Australian Psychological Society under fire for 'disturbing' response to Bob Montgomery child sex prosecution


Key points:

  • The APS was flooded with hundreds of complaints from its own members
  • Montgomery was president of the APS from 2008 to 2010.
  • Montgomery pleaded guilty to abusing 12-year-old boys while he was a scoutmaster in Sydney in the 1960s

A peak psychologist's body, once led by paedophile Bob Montgomery, has come under fire for noting the "impact" of criminal prosecution on him and urging he seek support from "long term friends" in its ranks.

Montgomery pleaded guilty to abusing 12-year-old boys while he was a scoutmaster in Sydney in the 1960s and will be sentenced later this month.

The ABC revealed he was also used as a Family Court report writer — a role that can include assessing the credibility of child sex abuse allegations in custody disputes.

The ABC has been told the Australian Psychological Society (APS) was flooded with hundreds of complaints from its own members over its response to Montgomery's guilty plea to child sex offences.

"We acknowledge that some APS members may be long term friends and supporters of Bob Montgomery and his family, prior to this case emerging," APS president Ros Knight said in an email to members last week.

Heidi Smith, a psychologist in Western Australia, said the APS response made her feel "ill for several hours".

"I cried with frustration for all the child sexual abuse victims and the struggles they face with institutions supporting child sex offenders," she said.

"At no point during this email does the APS mention that this man was the president of their prestigious society [or] that you cannot be a psychologist if you are convicted of a crime such as child sex abuse," she said.

"It says he resigned, like it was his choice. At no point [did] they make any statement in relation to ethics or his role as a psychologist."

Montgomery was president of the APS from 2008 to 2010.

A senior psychologist, who asked not to be named, said the response was "disturbing" and members were "disgusted".

Ms Knight in her email also indicated the APS had not expelled Montgomery, who was awarded life membership in 2016, but that he had "formally resigned".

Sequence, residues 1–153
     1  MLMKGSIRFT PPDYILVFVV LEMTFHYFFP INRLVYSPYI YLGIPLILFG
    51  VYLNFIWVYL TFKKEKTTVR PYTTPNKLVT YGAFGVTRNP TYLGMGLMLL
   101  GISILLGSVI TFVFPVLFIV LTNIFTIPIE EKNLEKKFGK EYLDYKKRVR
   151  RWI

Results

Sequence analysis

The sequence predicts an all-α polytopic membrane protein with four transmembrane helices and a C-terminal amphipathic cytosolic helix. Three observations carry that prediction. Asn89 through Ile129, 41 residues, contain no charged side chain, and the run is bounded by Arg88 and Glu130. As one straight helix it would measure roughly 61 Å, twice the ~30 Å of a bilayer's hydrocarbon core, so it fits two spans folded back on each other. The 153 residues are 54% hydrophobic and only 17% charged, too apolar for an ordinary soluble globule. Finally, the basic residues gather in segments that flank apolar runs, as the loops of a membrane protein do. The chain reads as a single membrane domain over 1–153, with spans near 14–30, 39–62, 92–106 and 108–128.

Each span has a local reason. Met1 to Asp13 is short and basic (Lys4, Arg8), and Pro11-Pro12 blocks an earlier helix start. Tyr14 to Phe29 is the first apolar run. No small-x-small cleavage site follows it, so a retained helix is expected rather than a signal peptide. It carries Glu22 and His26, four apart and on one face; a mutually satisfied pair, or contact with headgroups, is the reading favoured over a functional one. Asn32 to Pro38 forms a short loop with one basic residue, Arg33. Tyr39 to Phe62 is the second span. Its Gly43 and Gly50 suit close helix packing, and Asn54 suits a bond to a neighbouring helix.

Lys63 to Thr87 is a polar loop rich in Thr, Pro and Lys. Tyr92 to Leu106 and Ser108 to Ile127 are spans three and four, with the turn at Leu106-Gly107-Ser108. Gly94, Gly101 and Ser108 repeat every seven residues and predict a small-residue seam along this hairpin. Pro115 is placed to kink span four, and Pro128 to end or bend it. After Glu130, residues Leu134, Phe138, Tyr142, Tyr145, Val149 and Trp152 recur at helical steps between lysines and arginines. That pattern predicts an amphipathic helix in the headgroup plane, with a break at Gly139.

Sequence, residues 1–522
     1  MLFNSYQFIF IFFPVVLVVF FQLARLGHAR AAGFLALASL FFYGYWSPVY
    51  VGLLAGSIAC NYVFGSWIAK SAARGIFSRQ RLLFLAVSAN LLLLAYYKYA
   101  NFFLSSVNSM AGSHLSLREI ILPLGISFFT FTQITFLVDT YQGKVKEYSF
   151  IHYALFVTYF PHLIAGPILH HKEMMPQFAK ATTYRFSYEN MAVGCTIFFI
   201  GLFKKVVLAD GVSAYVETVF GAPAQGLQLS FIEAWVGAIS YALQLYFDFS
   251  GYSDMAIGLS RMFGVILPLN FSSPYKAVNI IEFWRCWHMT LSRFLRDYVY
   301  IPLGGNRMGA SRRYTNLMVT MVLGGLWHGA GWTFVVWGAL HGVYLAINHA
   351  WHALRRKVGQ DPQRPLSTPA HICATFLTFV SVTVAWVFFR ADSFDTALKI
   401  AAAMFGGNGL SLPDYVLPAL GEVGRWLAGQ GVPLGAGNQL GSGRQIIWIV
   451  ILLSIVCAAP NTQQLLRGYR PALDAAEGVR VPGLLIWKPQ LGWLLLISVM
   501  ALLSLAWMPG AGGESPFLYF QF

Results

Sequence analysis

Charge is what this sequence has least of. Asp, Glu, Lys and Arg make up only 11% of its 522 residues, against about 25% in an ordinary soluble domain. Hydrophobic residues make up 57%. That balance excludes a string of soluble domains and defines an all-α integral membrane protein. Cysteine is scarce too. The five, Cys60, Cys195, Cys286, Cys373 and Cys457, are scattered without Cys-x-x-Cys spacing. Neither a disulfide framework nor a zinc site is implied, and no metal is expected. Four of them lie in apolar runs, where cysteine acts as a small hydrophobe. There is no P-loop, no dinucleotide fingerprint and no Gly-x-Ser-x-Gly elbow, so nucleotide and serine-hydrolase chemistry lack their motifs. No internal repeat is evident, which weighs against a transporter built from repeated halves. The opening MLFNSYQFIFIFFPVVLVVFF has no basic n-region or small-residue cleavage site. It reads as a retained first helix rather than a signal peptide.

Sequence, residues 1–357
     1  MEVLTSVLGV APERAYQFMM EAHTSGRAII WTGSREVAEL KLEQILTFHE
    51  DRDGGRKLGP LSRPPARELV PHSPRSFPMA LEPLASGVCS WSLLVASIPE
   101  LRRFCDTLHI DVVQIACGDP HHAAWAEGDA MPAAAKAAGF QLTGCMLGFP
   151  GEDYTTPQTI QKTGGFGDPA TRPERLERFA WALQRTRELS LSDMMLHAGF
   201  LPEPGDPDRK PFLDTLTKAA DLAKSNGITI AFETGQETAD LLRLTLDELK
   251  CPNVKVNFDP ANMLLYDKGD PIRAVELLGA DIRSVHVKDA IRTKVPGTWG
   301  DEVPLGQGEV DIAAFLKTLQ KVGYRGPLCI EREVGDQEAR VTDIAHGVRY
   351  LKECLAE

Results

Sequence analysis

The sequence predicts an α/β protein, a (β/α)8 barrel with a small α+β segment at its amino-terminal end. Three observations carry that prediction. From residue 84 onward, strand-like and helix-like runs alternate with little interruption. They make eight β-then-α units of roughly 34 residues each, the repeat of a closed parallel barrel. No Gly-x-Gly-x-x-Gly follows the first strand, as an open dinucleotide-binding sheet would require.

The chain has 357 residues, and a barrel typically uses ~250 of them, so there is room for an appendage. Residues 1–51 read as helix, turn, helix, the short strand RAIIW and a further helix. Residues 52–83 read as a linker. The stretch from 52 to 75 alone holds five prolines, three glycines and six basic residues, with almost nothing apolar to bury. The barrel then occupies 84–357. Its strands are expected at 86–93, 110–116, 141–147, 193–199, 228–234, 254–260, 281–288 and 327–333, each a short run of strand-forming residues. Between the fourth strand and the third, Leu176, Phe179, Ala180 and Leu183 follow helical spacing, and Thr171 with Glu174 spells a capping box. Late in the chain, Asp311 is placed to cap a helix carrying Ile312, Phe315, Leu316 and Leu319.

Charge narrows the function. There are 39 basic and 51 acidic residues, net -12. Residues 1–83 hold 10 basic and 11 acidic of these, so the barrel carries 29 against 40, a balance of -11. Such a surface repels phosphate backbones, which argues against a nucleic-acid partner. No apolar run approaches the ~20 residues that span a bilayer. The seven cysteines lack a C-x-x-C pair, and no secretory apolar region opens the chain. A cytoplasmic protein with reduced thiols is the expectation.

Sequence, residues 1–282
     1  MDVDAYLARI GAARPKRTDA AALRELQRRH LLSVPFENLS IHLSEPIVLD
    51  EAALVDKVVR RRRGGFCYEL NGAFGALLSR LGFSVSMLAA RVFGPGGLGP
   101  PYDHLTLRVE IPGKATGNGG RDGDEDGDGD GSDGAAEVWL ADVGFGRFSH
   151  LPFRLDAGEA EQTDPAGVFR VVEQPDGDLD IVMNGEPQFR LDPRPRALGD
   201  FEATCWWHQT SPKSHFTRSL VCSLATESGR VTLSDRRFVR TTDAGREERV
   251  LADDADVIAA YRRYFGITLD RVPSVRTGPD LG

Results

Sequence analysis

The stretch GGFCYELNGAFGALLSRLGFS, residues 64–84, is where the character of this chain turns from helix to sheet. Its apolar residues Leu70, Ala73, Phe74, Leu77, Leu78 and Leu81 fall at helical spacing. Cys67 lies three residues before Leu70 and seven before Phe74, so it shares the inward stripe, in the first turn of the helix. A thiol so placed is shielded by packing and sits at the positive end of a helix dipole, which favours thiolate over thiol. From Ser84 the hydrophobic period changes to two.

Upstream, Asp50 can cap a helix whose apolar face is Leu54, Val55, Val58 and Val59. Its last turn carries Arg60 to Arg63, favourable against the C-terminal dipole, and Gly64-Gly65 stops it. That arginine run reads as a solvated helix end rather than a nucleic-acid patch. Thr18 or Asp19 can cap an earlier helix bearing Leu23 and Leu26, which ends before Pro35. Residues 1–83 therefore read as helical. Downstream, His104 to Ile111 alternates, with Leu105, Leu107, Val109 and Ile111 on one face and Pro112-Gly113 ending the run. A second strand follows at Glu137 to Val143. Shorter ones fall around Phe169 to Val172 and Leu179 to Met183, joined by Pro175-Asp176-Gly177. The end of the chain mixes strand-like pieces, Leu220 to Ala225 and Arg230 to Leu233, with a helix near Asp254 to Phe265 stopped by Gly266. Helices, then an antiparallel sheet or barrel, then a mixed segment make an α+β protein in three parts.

The psychologist said the APS response highlighted "the impact on his mental health and that of his family — yet no mention about the mental health of Montgomery's victims for which he plead[ed] guilty to, nor for mental health of other victims".

"Members are so disgusted that reputations of psychologists will be tarnished by association, and that importantly, the current president of the APS, as a clinical psychologist, has ignored the impacts of the abuse on the immediate victims of her former colleague," the psychologist said.

Dr Bob Montgomery talking in front of a graphic of an eye with the Big Brother reality TV show logo.
Bob Montgomery was a consultant for the first season of reality television show Big Brother.(Supplied)

A well-placed source told the ABC that "many hundreds of members contacted the APS", prompting Ms Knight to respond.

In an email the next day, Ms Knight said she "received and appreciated your heartfelt feedback to this communiqué".

"Our position remains that all forms of child sexual abuse are a profound violation of the human rights of the child, and a crime under Australian law," she said.

"We extend our deepest acknowledgement of the pain and suffering experienced to the survivors of these traumas and their families.

"Psychologists should be the providers of comfort, support and healing, not the cause of pain. We hope that the survivors are receiving the assistance they need and deserve."

The senior psychologist said this was "still a horrendous reaction".

"It seems in these statements the victims of Montgomery have been ignored, and just lumped into general victims of sexual abuse – whereas Montgomery was specifically mentioned and considered in relation to the impact on his mental health, it seems above the interests of his victims."

In 2014, the APS made Montgomery a "new honorary fellow" to recognise his "extraordinary and distinguished contribution".

He was president the same year the professional regulator, the Psychology Board of Australia, adopted its code of ethics from the APS.

In a statement, the APS said "on reflection, the original email from the APS could have been worded differently in two areas".

It said the email was an attempt to convey a "neutral, or non-biased judgment towards the matter" which was done with "the best intention".

The APS said this was in line with the fact that "psychologists frequently find themselves dealing with complex matters [and] often psychologists work with both survivors and perpetrators of crimes".

"All forms of child sexual abuse are a profound violation of the human rights of the child … [and this] was not communicated clearly in the original email," the statement read.

The APS said it had received a "small number of complaints" from its 25,000 members and took those concerns seriously.

"The APS's follow up email to members extended the Society's deepest acknowledgement to the survivors of trauma and their families, generally, and child sex abuse, specifically."

It said that "to the best of the APS's knowledge, Mr Montgomery did not contribute" to the code of ethics adopted by the professional regulator.

(Since)


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